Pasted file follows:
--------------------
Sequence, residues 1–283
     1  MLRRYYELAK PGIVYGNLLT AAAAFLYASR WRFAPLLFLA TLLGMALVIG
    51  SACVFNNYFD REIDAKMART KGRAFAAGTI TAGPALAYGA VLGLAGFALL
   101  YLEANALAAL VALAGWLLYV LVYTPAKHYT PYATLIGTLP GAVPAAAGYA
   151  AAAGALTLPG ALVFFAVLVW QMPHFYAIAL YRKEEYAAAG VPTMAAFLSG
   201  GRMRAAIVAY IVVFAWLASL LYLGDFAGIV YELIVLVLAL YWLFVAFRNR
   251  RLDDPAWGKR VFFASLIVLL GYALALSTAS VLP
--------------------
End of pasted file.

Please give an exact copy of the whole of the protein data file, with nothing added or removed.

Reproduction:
Sequence, residues 1–283
     1  MLRRYYELAK PGIVYGNLLT AAAAFLYASR WRFAPLLFLA TLLGMALVIG
    51  SACVFNNYFD REIDAKMART KGRAFAAGTI TAGPALAYGA VLGLAGFALL
   101  YLEANALAAL VALAGWLLYV LVYTPAKHYT PYATLIGTLP GAVPAAAGYA
   151  AAAGALTLPG ALVFFAVLVW QMPHFYAIAL YRKEEYAAAG VPTMAAFLSG
   201  GRMRAAIVAY IVVFAWLASL LYLGDFAGIV YELIVLVLAL YWLFVAFRNR
   251  RLDDPAWGKR VFFASLIVLL GYALALSTAS VLP